Elizabeth Nzilani Peter represented the Machakos Cooperative Union at the 105th International Labour Conference in Geneva, where the theme was Building a Future with Decent Work. Attended by Over 6,000 delegates, the conference was an opportunity to highlight the contribution made by co-operatives to decent work. The following is an interview with Elizabeth :
Would you introduce yourself and explain what brought you to the International Labour Conference 2016?
My name is Elizabeth Nzilani Peter from Kenya. I work in a coffee cooperative in Kenya, Machakos Cooperative Union Ltd. I am at the ILC representing Homeworkers’ Working Group in Africa (which includes workers from Kenya, Uganda, Ethiopia and South Africa) under WIEGO (Women in Informal Employment: Globalizing and Organizing) promoting decent work in the global supply chains through recognition and visibility of homeworkers.
How do you see the role of the secondary cooperative organizations in the global supply chains? How can these organizations promote the achievement of decent work in global supply chains?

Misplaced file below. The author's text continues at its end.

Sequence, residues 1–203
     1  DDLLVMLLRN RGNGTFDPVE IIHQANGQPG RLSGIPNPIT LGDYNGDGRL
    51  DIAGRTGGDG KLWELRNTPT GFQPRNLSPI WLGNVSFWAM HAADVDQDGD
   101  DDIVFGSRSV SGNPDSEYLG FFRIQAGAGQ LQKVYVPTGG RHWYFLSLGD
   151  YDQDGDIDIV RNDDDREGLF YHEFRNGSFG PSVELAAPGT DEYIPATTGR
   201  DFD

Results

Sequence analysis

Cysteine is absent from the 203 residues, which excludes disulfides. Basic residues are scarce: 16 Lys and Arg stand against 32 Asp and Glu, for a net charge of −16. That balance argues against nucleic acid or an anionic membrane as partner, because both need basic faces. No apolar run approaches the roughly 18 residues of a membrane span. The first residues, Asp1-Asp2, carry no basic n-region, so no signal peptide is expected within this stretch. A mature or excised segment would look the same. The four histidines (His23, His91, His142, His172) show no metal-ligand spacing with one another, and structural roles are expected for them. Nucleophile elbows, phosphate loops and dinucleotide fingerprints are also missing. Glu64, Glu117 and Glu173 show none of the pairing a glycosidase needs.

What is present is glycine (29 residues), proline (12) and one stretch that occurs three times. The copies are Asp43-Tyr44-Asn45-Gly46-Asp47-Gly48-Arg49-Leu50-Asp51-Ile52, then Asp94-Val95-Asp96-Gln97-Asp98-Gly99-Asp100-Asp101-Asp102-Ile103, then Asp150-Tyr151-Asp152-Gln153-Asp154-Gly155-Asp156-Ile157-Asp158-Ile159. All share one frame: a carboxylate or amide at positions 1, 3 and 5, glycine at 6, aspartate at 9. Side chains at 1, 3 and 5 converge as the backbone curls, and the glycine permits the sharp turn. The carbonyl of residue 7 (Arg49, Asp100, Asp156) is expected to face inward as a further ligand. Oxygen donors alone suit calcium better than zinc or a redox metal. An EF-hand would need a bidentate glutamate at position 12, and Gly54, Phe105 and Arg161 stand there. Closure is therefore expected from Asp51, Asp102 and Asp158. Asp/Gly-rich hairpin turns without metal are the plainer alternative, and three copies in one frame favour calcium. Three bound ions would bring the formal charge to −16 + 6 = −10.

Cooperatives are key in the global supply chains, as they form part of the organization, elimination of middlemen to increase efficiency and benefits to their members. They can promote decent work because they integrate their values and principles into the supply chain and not just reap the economic benefits. They offer decent employment and jobs, and enable the farmers to access market information, technology and finances.
Would you talk about your experience at the ILC? What discussions are you following? What do you expect out of your participation in these discussions?
I am following the decent work in the Global Supply Chains discussion. This being my first time attending the ILC my experience has been eye-opening. I was able to see issues in a different perspective especially on the global supply chains. “It’s not business as usual”, as the Government speaker from Kenya stated in the Workers Group meeting.
My expectation out of this discussion is recognition and visibility of the homeworkers and support from trade unions and governments. Recognition of cooperatives’ role in the global supply chains is key as they improve returns to their members and improve labour conditions.